Adding, Removing, and Managing Programs in Windows 7

  • 7/15/2011

Running a Program as an Administrator or Another User

As mentioned earlier in this chapter, you can run a program as an administrator by right-clicking any shortcut for the program (in the Start menu or elsewhere), choosing Run As Administrator, and satisfying the UAC prompt with either consent or credentials. Here are two additional ways to do it:

  • Start a Command Prompt session as Administrator (by right-clicking a shortcut for Cmd.exe and choosing Run As Administrator). Then, in the Command Prompt window, type the name of the executable file for whatever program you want to run as an administrator. To run Registry Editor, for example, type regedit. Because you’ve already passed UAC inspection for the Command Prompt session, and because whatever you run from Command Prompt is a child process of Command Prompt, you don’t have to deal with any further UAC prompts. This method is excellent for situations where you need to run a sequence of programs as an administrator. Keep one administrative-level Command Prompt window open, and run your programs from the command line.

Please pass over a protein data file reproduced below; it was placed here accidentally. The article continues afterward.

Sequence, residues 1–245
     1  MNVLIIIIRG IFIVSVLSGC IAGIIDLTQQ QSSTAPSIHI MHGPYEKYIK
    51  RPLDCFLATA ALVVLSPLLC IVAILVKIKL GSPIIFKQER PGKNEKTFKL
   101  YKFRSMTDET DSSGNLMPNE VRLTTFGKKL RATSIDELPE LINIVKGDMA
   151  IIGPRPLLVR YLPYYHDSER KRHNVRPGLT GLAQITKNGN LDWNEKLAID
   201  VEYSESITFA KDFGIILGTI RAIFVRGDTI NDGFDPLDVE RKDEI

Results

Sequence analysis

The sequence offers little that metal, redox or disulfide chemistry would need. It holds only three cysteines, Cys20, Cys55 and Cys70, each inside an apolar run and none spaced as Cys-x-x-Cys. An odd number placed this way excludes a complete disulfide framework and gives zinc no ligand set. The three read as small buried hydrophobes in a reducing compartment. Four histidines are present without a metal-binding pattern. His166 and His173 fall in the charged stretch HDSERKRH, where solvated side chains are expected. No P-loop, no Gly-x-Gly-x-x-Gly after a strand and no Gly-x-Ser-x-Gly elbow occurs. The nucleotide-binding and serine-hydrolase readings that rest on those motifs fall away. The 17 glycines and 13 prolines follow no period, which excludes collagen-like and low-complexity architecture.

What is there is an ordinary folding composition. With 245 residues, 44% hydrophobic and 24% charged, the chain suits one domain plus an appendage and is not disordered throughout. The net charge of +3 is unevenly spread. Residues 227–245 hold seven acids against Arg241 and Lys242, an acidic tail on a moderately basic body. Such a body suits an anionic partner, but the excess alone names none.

• Type the name of the program you want to run in the Start menu search box, and then press Ctrl+Shift+Enter.

To run a program under a different user account, you can right-click the program shortcut and choose Run As Different User from the shortcut menu. You will be prompted to enter the password for the specified user account. Alternatively, you can use the runas command from the Command Prompt window or a shortcut. The syntax is

runas /user:username programname

After you issue the command or activate the shortcut, you’ll be prompted to enter the password for the specified user account. For security reasons, you cannot save the password with the shortcut. Note that the Runas command does not work with Windows Explorer or with Microsoft Management Console (MMC) snap-ins.